So seven souls set off in search of gold. But there is an added twist. Ricardo Montalban, as a character whom is never really identified until the denouement, is shadowing them. What his mission is is really unclear, but his presence in the shadows is always there. One could easily get the idea that he plans to hijack the gold once our heroes have actually recovered it.
The gold seekers are also hounded by a horde of men who are probably inspired by the posse that chased Butch Cassidy and the Sundance Kid. I say this because they arrive on the scene the same way that the posse did in the earlier movie; already mounted and ready to leap off a train and head out after our crew. They chase the gang, unbeknownst to them in the early stages, but of course never quite catch up to them until the dramatic scene at the wrecked train.
When Lane and his gang arrive at the train, it is as predicted, a wreck in the sands. One could wonder why the train company built a track through the sandy desert, but that is immaterial to the story itself. The gold is stashed aboard the wreck, and Lane and company retrieve it. But by this time they know that a cadre of no-gooders is hot on their trail and decide their only course is to make a stand.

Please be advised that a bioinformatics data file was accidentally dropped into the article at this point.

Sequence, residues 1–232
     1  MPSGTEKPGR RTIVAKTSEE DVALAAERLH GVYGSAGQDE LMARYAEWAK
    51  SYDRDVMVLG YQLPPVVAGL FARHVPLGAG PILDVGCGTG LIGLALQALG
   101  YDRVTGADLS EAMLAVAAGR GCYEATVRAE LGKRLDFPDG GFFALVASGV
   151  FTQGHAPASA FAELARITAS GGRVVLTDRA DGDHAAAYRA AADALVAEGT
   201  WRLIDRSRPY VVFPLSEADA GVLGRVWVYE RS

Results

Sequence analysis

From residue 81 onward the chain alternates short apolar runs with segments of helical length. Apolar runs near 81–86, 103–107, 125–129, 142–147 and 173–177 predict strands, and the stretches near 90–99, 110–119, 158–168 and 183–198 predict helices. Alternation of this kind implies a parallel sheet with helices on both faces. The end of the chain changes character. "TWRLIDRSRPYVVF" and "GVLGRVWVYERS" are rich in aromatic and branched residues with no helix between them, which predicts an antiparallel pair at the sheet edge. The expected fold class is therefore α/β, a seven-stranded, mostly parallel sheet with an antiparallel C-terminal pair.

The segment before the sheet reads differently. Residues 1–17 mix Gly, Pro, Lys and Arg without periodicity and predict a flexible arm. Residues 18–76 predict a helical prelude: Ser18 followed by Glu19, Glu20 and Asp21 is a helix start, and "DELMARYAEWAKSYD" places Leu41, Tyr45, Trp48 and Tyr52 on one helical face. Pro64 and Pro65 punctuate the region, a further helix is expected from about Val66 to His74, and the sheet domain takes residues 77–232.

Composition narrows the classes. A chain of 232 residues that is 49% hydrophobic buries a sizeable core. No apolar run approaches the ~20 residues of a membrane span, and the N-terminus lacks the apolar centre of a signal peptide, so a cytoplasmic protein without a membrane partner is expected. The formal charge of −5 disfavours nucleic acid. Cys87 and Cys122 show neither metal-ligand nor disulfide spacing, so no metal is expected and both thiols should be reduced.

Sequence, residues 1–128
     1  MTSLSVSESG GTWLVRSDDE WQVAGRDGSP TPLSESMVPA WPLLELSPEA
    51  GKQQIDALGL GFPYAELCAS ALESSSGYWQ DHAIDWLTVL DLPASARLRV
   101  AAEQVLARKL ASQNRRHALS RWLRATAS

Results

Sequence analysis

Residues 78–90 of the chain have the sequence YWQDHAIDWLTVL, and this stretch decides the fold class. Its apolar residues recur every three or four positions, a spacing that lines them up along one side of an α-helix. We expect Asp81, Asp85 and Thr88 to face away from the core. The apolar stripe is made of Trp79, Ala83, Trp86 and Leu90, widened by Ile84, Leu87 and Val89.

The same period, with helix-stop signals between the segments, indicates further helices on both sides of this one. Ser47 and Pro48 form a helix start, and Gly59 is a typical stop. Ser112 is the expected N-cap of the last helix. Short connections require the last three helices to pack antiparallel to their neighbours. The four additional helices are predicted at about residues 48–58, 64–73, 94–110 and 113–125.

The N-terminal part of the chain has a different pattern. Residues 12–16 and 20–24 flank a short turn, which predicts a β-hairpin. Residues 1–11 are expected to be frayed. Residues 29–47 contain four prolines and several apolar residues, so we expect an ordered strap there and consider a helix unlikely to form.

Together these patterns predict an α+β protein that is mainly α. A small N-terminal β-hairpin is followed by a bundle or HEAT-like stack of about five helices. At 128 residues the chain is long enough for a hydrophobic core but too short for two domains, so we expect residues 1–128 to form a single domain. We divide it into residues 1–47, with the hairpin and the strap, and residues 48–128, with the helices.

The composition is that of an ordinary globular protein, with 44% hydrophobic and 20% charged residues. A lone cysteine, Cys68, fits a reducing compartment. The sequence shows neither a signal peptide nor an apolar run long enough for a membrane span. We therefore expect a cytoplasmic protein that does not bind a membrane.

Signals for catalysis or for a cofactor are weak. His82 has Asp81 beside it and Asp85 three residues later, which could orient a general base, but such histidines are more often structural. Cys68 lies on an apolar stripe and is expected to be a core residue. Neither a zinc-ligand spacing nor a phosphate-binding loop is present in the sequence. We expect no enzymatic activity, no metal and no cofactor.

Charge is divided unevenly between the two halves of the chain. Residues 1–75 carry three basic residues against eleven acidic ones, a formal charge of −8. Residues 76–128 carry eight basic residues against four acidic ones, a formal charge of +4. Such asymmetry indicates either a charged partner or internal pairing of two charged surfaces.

Having decreased the number of their pursuers and chased off the rest the company makes it’s way back to their original destination. But they have to continue to worry about an ambush from the remaining soldiers of fortune. A last stand back at the town is set in motion.
Be sure to stay tuned for the final twist in the film, in which we FINALLY find out who Montalban’s character is and what his goal is. We also find out that Mrs. Lane is not necessarily who she claims to be, either.
The movie is truly enhanced by the musical score. Dominic Frontiere wrote the score, a veteran of Hollywood’s composers who would later win a Golden Globes for best score for The Stunt Man. Burt Kennedy, himself a veteran of many movies, a lot of them westerns, directed Wayne and company. Kennedy also directed our second feature. He worked closely with wayne for his Batjac Productions company over the years, although these two movies were the only ones in which he directed John Wayne.
The War Wagon (1967):
Taw Jackson (John Wayne) has just been released from prison. He was a rancher who had been falsely imprisoned by Frank Pierce (Bruce Cabot), a man who eventually acquired Jackson’s ranch, and was now the bigwig in town. Pierce regularly ships gold from a nine he has discovered on the property, in the titular War Wagon, an armored tank decked out with a Gatling gun, and escorted by an army of about 30 or so gunmen.